6 pieces of advice for dealing with difficult people and situations in business
In your career, you’re bound to come across people who are obnoxious, competitive, rude, stubborn, and quirky. At times, things are smooth sailing and everyone is great. At other times, things are a little bumpy and I have come against some interesting people with harder to navigate personalities.
Needless to say, when working with all kinds of different people, from all walks of life it is only natural some of them will be difficult. These kinds of people can derail an idea or worse, the morale of those around them.
1. Consider your own contribution
Conflict is never 0% the organisation and 100% the other person. I found this with a colleague some years ago; I thought this person ‘just didn’t get it.’ After a discussion, I realised that while I thought I trusted this person and was simply leaving them to get on with it, this team member actually felt abandoned and isolated. A good wake-up call for me: I was the one who had to change! We began working more closely together, and I had the pleasure of seeing a colleague I thought was difficult blossom into a highly valued member of our team – one I would have lost otherwise.
2. Change your reactions
Einstein said that insanity is doing the same thing over and over but expecting different results. So how can you change? When I was starting out I worked with a company that was constantly late in paying invoices. Many a supplier had been left in the dark about their business matters and monies owed, including me. Whenever I called to politely chase payment, I was told, ‘the cheque’s on my desk right now, on its way shortly!’ But the cheque never arrived in the mail. (These were the days before electronic banking.) After this repeat conversation, I dropped the nice guy routine and abruptly demanded: ‘Cheque’s on your desk is it then? What’s the cheque number?’ Sometimes confrontation is unavoidable. You need to be able to stand up and stake your claim in the right circumstances.
In business and in life, there is nothing worse than someone who cannot apologise when they’ve made a mistake. If you are in the wrong, say so and apologise. Apologies can be a very powerful way to clear the air. A lot of lawyers are frightened of the apology – they think you’ll end up with a lawsuit. But the moral imperative is to do the right thing and take ownership where you have not been able to deliver on expectations. Apologising in person is a stronger approach, and say it like you mean it. A disingenuous apology is worse than none at all.
4. The ‘wrong’ stuff
I’m a big believer in the approach that it’s better to work with people who are OK technically but 100% committed and motivated, rather than people who are 100% competent but have the wrong attitude. Attitudes can be fixed but it’s much more difficult to change the personality of someone who is lazy, negative or disengaged. It’s relatively easy to give technical skills to someone who wants to learn. So personality is a huge consideration right from the beginning.
I used to make the mistake early in my career that if there was a contract in place that spelt out what everyone was required to do, that would be enough. I now know that the last thing you want to do is try and pull out a contract and say, ‘but look, clause 14, subsection (e) says…’ – it’s already too late at that stage. Sure, legal agreements might be a corporate necessity, but that’s how I treat them, as a necessity. However, the way I approach people and business now is much simpler: can I trust this person and do I actually want to work with them? If the answer is yes, you’re destined for a great long-term relationship. If the answer is no, don’t get fooled into thinking: ‘in the short term I need the resources…’ as it’s only going to give long-term pain.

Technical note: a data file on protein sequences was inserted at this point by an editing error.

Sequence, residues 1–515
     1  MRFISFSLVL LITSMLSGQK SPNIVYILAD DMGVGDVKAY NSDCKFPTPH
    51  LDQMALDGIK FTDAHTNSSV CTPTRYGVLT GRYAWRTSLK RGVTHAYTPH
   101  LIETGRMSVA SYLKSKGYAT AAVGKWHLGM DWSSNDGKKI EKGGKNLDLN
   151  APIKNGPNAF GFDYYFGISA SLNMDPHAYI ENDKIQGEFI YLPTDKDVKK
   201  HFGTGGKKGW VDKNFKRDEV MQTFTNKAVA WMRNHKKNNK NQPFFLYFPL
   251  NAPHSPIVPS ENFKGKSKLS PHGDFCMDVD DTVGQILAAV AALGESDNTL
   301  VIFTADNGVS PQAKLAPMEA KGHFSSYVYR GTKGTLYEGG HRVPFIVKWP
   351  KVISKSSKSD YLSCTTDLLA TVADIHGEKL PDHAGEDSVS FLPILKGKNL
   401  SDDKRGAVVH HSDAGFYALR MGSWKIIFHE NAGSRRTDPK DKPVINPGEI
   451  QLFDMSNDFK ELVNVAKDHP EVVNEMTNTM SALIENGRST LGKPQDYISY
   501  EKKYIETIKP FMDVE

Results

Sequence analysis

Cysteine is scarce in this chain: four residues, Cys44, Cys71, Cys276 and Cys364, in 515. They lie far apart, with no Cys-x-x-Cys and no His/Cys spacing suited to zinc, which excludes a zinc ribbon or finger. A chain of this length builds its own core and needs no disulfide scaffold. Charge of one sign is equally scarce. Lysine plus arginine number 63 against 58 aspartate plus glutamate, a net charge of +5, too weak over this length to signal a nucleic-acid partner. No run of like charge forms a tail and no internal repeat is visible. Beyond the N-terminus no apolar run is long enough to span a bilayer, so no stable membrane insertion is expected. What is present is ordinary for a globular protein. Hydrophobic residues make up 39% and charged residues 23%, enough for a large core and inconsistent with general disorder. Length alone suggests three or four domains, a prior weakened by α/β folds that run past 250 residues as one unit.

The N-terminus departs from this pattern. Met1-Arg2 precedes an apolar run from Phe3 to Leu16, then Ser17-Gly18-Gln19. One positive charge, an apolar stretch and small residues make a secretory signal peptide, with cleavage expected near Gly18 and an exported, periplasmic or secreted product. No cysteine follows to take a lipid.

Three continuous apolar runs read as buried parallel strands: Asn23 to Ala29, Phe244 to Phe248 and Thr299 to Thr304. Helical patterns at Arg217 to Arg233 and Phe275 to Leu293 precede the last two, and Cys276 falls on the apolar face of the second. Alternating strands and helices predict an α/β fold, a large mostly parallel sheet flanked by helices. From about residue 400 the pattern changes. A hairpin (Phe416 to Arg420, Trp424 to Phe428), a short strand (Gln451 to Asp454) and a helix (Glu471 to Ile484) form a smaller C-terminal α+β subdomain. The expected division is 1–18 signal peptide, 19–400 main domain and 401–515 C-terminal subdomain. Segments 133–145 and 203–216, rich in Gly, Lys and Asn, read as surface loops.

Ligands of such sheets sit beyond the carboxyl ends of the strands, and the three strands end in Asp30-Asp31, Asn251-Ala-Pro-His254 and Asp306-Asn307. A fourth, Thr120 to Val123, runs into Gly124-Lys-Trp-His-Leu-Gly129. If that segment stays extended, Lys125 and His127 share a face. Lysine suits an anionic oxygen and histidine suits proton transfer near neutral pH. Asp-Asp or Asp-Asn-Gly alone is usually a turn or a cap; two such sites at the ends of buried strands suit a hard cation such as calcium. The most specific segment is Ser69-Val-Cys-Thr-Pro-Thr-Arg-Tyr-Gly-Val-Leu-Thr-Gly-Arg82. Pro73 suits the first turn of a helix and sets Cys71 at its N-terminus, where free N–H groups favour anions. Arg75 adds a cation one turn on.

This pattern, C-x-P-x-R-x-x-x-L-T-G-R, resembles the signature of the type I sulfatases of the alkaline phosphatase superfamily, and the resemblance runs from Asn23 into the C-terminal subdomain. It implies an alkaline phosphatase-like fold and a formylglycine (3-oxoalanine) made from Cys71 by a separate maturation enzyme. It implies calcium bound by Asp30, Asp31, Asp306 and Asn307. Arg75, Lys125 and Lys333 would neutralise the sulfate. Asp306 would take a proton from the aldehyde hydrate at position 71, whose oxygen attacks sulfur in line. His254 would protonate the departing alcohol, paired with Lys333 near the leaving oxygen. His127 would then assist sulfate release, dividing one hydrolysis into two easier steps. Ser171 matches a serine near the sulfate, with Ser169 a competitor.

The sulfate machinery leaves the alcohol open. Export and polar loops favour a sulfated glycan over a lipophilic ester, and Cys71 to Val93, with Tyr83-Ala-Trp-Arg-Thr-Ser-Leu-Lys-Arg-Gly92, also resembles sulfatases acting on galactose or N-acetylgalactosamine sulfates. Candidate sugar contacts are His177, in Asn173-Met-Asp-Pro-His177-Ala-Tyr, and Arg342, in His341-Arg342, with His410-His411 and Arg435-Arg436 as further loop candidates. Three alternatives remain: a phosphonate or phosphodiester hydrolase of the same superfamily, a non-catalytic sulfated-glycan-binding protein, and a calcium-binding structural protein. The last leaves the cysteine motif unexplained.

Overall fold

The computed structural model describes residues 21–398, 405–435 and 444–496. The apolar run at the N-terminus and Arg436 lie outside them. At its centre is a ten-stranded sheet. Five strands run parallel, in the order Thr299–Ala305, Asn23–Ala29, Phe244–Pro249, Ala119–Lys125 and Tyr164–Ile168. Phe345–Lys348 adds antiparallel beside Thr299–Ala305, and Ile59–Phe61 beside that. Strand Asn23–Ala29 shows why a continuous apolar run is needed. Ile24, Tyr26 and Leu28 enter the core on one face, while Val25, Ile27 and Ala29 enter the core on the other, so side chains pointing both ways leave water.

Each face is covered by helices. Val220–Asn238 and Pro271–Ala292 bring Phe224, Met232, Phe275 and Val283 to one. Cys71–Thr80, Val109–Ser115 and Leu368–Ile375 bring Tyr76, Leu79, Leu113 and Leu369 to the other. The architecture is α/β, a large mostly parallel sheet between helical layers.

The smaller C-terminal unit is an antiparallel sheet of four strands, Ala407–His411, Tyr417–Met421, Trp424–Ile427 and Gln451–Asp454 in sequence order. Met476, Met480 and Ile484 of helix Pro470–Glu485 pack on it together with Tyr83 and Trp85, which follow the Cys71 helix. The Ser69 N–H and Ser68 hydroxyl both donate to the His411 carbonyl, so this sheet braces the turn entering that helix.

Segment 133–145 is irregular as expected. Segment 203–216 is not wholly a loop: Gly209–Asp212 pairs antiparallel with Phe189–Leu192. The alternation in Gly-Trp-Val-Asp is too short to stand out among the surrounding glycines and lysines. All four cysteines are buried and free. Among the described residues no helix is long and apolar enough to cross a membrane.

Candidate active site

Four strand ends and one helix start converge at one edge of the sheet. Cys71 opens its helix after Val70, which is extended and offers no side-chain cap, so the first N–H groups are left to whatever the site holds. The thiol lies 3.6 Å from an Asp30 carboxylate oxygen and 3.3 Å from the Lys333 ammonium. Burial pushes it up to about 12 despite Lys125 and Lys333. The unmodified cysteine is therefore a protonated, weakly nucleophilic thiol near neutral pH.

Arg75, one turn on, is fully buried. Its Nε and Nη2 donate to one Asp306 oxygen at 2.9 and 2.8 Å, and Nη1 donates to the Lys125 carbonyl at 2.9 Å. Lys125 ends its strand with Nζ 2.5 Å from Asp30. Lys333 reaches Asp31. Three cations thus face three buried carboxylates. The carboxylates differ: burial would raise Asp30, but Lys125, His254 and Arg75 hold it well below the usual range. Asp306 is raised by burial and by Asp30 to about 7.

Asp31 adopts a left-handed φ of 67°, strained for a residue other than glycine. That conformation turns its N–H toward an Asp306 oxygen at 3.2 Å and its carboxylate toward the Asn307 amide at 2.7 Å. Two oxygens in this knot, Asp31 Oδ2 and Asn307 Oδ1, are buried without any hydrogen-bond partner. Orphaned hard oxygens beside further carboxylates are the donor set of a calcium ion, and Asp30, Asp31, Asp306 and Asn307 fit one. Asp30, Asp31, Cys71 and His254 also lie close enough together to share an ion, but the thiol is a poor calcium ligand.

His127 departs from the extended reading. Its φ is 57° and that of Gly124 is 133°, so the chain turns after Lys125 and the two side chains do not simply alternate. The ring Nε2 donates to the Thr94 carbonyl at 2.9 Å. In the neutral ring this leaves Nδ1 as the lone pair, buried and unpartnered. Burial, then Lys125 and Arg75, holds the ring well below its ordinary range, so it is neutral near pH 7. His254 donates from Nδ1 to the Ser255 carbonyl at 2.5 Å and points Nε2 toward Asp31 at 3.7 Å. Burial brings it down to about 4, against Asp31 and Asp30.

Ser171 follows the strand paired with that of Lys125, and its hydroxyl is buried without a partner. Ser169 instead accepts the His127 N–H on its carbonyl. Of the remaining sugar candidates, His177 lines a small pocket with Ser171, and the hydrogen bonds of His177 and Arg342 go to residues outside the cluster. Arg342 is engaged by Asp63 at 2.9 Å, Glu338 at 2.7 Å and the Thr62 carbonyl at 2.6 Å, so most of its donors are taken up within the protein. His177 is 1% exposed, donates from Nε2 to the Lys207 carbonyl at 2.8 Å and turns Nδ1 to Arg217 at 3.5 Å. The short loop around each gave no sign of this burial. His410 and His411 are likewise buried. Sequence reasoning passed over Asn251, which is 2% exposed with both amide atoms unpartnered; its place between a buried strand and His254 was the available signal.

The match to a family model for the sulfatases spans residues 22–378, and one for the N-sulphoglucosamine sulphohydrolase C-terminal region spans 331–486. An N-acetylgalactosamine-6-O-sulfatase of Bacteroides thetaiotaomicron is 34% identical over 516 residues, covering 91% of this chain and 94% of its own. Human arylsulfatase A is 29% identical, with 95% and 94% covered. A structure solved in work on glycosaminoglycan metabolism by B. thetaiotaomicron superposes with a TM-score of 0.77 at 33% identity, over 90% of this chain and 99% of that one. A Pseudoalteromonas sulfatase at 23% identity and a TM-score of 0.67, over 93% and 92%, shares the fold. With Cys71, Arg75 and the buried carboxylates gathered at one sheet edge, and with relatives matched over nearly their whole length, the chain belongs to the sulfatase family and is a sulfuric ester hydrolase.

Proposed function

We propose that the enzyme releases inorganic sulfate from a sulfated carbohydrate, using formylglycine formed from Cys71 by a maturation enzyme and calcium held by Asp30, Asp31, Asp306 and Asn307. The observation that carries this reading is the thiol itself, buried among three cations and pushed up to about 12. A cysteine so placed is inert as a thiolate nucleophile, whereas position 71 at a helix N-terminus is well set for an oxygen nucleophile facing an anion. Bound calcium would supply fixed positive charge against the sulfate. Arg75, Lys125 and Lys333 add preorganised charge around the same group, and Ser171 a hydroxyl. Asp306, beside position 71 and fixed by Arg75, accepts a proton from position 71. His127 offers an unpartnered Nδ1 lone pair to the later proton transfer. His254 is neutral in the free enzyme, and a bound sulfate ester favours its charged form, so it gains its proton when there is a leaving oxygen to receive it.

We know the saying: prevention is better than cure. But do we actively practice this mantra? A lot of disengagement comes from a staff member or colleague feeling under-appreciated for hard work they have done. Once this occurs, it’s hard to undo. A recent study in the UK (by ILM, the largest provider of management qualification in the UK) found that 87% of working individuals rated job satisfaction as more important than a pay rise. It is generally underestimated the importance of job satisfaction. If your attitude is: ‘I give my staff a pay cheque so they can do the work,’ you will have disloyal staff and poor retention. Money is not everything. Having a strong, positive culture, recognising staff performance, and looking at positive ways to communicate improvements is the best medicine to preventing people becoming difficult in the first place.
6. Be realistic
It’s important to face facts – as great as it would be, we cannot get along with everyone. Similarly, that difficult client is probably not going away and that rude colleague is unlikely to quit, so don’t daydream about fanciful solutions that aren’t realistically going to happen. Sometimes it’s best to just accept that this person or situation isn’t ideal and despite your best efforts, accept that the situation may not change and get on with your day as well as you can. If you’ve done all you can to work with a person who is causing you grief and there’s nothing more that can be done, sometimes this is a very clear sign it’s time for change and ensure you speak with business partners, entrusted advisors and key colleagues about the best path forward.